However, there is obviously a similarity between Stern’s notion of dissociation and Freud’s idea of repression, i.e., that Stern considers dissociation as a defense, different from what Breuer thought, that it occurs automatically when the traumatic event happens. This issue of similarity between two models is to be discussed later as it is crucial for the understanding a different notion of dissociation that I would like to propose in this paper.
Current notion of dissociation proposed by Stern and Phillip Bromberg is characterized by its unique understanding of what is not conscious. Stern states: “Freud accepted without reservation the idea that the mind -and, therefore, the unconscious is composed of fully formed contents”. “This unconsidered belief derives from the deep and culture-wide assumption, explicitly accepted by Freud (Schimek, 1975), that perception is a sensory given, and that experience is therefore rooted in mental elements that come to us already fully formed” (p.665). In this assumption, we believe that in the unconscious there is some mental object, fully-formed but unrecognized, which is to be unveiled through analytic process. Stern states that repression model assumes that there is one truth in the unconscious which corresponds to one objective reality. He calls it correspondence theory. Traditional psychoanalysis has been strictly observing this notion. Stern calls this stance the "correspondence" view of truth.
Schimek, J.G. (1975). A Critical Re-Examination of Freud's Concept of Unconscious Mental Representation. Int. R. Psycho-Anal., 2:171-187
The way that Stern conceptualizes what is unconscious is significantly different form Freud’s. In Stern’s theory of dissociation, the meaning is created as it becomes conscious, whereas in Freud’s repression model, the meaning was there as a repressed and in correspondent form. Stern also says that dissociation is the opposite of creation. It is a way of not formulating mental contents.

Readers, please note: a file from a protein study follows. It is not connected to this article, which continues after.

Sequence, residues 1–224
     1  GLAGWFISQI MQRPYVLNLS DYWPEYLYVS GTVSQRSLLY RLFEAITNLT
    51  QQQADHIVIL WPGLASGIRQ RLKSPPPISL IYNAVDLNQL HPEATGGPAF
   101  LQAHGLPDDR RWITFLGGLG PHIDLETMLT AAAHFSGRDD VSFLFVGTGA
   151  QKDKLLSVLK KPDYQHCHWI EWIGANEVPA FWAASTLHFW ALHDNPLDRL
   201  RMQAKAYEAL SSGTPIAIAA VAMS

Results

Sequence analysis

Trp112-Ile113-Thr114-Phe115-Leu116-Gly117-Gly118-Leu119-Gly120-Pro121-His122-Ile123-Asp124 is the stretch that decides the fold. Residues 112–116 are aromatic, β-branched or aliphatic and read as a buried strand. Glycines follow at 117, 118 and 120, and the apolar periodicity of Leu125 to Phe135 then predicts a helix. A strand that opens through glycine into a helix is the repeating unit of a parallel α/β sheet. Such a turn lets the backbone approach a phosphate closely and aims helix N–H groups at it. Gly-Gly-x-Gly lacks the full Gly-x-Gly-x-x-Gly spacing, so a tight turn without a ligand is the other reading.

Stern’s view is practically echoing Winnicott’s idea that we saw above, that “what is dissociated is not experienced yet by the individual”(Winnicott, 1963:91) . Stern describes this queer nature of the experience as “unformulated”. In his discussion of the classification of dissociation, he introduced the notion of “passive dissociation” or “dissociation in the weak sense” vs. “active dissociation” or” dissociation in the strong sense” (Stern, 2009, p.660). The former corresponds to the experiences of our not directing our attention to certain mental contents, whereas the latter means that we are averting our gaze from some mental contents for unconscious reason. However, still these two types of dissociation remains in van der Hart’s type (1) dissociation, as only one subjectivity is involved in both of these types. The strong type of dissociation is not “strong” enough to assume the second subjectivity which holds what is dissociated.
Bromberg’s notion of enactment in relation to dissociation
Similar to Stern’s stance, Bromberg asserts that the issue of trauma is crucial in understanding human mind, and dissociation plays a significant role in this context. Bromberg considers that trauma continuously occurs throughout developmental stages. Deeply steeped with the work of Sullivan, he considers dissociation as a mechanism mobilized “where drastically incompatible emotions or perceptions are required to be cognitively processed within the same relationship” (Bromberg, 1994, p.520). Bromberg made it clear that although the notion of conflict has been playing an important role in neurotic people, dissociative patients suffer from not having it. However, he does not consider that dissociation occurs in isolation from conflict, but states that conflict and dissociation are in a dialectic relationship. According to him, due to trauma, a part that Sullivan referred to as not-me grows, and in a therapeutic environment that is “safe, but not too safe” (2012, p.17), that not-me part gets integrated to the system.
Bromberg’s work on dissociation was characterized by its introduction of the notion of enactment in its context. Through enactment what has been dissociated is experienced and gets integrated to the self. In a therapeutic relationship, the therapist can experience a part in the patient which is enacted, while what is dissociated and get enacted by the therapist can be experienced by the patient.
Thus, Bromberg considers dissociation as basically an interpersonal phenomenon (1996). However, this, assumes that what is dissociated is still within the individual somewhere in his/her mind. Dissociative parts are “unsymbolized aspects of the patient’s self”(1996, p.520) which is conveyed to the other in a projection-like mechanism. In other words, Bromberg’s interpersonal model of dissociation remains still on the level of van der Hart’s type (1) dissociation.
Bromberg, P (1994) “Speak! That I May See You”: Some Reflections on Dissociation, Reality, and Psychoanalytic ListeningPsychoanalytic Dialogues, 4(4):517-547,P520
Philip M. Bromberg, (1996). Standing in the Spaces: The Multiplicity Of Self And The Psychoanalytic Relationship. Contemporary Psychoanalysis, 32:509-535
Bromberg,P (2012) The Shadow of the Tsunami, Routledge.